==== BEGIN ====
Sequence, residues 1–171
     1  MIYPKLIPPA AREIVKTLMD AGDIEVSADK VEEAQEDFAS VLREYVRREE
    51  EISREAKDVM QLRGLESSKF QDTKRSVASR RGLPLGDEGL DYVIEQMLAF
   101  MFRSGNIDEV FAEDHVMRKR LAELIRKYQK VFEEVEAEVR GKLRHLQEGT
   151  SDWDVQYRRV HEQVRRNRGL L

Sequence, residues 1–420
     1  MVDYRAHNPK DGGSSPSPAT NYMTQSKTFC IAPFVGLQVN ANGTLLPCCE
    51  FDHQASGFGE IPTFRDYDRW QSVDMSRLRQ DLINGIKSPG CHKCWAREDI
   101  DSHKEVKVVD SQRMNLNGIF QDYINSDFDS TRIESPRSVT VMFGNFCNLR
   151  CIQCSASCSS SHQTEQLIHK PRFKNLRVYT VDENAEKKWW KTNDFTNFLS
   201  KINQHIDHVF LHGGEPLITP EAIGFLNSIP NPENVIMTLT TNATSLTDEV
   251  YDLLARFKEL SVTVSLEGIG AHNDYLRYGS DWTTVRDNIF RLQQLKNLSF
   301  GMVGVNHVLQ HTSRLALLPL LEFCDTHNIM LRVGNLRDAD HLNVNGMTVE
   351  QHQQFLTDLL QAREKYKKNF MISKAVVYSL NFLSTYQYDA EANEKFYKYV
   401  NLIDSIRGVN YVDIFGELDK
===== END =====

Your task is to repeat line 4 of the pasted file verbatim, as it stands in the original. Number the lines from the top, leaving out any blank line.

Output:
   101  MFRSGNIDEV FAEDHVMRKR LAELIRKYQK VFEEVEAEVR GKLRHLQEGT